Game Of Thrones Season 3 Episode 8 recap

You know you’ve really gotten into a show when you start to be endlessly frustrated with the characters who just won’t behave the way you need them to. This week had any number of irritants as well as the allegedly “proper” behavior of Joffrey acting like the king dick he is,  so I got more than my fair share of screaming at the screen.

Sansa and Tyrion’s wedding didn’t have quite the terrifying feel it maybe was supposed to, perhaps because we know he’s not horrible.   He won’t upset her, nor force his way where he’s not wanted (but more on this later). As such, I couldn’t shake my feeling of relief. Out of all the people in the room where Sansa was married, she had arguably fallen into the luckiest hands she could hope for. And so the wedding was relatively uneventful,  with the exception of Joffrey’s having stolen the stepstool (and Cersei and Margaery, but we’ll get there).

The question that befuddles me is this: Sansa has known for years that she will marry someone who’s advantageous politically. Sure, she was naïve enough to have her head turned when that person was going to sit on the iron throne, but after escaping that marriage, which would quite literally be a fate worse than death, how can she  possibly be anything but thankful when she winds up in a marriage to a man who’s never shown her anything but slightly exhausted concern?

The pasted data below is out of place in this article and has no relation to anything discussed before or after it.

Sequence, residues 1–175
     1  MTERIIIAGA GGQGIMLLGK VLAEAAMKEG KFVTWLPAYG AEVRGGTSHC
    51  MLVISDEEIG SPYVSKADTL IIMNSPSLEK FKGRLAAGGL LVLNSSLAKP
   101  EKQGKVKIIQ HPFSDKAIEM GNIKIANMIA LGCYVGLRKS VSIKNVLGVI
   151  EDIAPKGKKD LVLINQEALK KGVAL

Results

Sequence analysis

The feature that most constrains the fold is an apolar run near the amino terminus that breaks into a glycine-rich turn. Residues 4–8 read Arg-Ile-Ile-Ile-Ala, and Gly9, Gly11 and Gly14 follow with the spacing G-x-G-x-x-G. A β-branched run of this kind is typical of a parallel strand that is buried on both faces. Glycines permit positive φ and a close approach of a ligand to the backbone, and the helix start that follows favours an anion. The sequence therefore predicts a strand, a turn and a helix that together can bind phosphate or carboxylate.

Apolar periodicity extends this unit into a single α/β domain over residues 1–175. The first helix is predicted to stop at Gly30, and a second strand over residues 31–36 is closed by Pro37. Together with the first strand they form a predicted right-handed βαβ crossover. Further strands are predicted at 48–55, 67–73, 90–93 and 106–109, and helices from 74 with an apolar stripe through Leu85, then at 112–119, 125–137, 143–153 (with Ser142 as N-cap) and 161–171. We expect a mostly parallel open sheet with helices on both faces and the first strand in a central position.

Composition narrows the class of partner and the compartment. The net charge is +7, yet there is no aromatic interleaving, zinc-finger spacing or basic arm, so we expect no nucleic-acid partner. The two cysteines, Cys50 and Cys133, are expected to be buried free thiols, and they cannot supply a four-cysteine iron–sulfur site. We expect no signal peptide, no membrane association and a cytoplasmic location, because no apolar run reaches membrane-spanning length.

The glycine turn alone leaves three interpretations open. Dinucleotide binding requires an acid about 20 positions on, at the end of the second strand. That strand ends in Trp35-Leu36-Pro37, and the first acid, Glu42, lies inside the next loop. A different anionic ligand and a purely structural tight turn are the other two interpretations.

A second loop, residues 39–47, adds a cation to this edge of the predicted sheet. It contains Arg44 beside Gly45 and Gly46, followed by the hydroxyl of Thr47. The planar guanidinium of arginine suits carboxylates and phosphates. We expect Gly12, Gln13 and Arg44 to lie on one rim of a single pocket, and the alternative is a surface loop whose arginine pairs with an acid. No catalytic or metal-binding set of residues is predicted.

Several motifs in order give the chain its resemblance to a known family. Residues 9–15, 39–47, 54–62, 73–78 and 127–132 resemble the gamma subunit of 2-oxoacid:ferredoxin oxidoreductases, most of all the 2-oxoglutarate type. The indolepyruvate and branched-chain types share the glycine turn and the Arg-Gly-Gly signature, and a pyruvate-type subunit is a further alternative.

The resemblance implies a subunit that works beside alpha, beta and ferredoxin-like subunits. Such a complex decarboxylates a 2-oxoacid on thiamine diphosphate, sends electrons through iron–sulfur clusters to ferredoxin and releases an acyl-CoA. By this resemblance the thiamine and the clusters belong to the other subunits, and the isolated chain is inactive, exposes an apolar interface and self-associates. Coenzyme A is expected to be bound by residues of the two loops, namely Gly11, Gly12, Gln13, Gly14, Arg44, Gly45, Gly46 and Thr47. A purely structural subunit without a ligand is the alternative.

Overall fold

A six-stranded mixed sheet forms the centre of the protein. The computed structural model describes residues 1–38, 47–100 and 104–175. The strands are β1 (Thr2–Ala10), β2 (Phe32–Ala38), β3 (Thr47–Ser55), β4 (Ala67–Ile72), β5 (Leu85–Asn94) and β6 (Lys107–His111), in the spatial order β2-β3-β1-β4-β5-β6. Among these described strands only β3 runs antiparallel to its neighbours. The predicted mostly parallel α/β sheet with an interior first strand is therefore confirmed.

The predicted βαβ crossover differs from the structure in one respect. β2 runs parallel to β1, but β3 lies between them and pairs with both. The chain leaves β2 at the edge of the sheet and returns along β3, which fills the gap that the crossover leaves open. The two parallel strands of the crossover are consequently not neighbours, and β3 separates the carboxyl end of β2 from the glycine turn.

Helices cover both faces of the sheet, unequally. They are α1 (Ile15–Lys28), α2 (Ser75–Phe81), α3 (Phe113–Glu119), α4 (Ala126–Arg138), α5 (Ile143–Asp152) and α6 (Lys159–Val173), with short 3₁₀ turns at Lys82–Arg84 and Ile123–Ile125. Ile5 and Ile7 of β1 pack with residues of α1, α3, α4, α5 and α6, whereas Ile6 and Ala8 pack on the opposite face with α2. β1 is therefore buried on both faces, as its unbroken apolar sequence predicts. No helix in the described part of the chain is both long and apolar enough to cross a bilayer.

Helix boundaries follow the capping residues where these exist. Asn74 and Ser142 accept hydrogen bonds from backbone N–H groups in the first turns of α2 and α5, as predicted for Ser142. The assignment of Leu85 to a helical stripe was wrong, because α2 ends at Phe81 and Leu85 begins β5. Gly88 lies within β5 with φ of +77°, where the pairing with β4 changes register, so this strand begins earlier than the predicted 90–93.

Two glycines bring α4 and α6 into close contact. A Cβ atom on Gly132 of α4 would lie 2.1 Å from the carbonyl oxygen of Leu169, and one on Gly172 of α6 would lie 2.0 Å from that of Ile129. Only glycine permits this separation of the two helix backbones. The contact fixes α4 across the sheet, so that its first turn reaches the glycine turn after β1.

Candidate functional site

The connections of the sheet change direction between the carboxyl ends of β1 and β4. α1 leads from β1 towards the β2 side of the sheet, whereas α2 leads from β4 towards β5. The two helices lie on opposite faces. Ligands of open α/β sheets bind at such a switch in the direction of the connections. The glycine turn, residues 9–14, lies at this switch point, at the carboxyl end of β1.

True, he is a dwarf, in her parlance. True too, if unbelievable, that she would be afraid of consummating said marriage. But again, even with her naivete, would sleeping with Tyrion Lannister – assuming she’s heard no rumours from courtyard whispers – be worse than being raped on her wedding night by her former fiancé? Have sense, Sansa. When she asked what would happen if she never welcomed Tyrion to her bed I was screaming “How dumb are you?  If you never accept him in your bed, you’ll never produce an heir, and then you’ll be more useless than you are now!”  

But of course, if she hadn’t asked, we woulnd’t have seen his hurt face, a reminder that Tyrion Lannister can still be wounded, even by his child bride.

And that’s saying a lot, considering the degree to which he stood up to Joffrey this episode. We’ve seen hints that Tyrion has rages, well-contained and tamped down by tits and wine though they are, and I want to see what happens when he’s pushed still further. I also enjoyed that Tywin Lannister’s usual disgust with his son was tempered a bit by seeing him rage against his repugnant grandson.

Overall, then, the wedding was a somber affair, though I could have listened to Gramma Tyrell go on at length about how “He’ll definitely be your father-in-law, that’s for certain.” HA! I mean, this is the woman Sansa should be taking her cues from – as Margaery already is. Be light, chat away, make the best of things. Of course, Gramma Tyrell never came up against Cersei Lannister.  That was some nice, easy, vicious sh*t that we saw. Not even breaking a sweat, but very, very firm on exactly how it’s going to be between the “sisters”. I could call naïve on Margaery’s part too, but I bet she has some plans to deal with the bite that is Cersei. She might rule the seven kingdoms yet.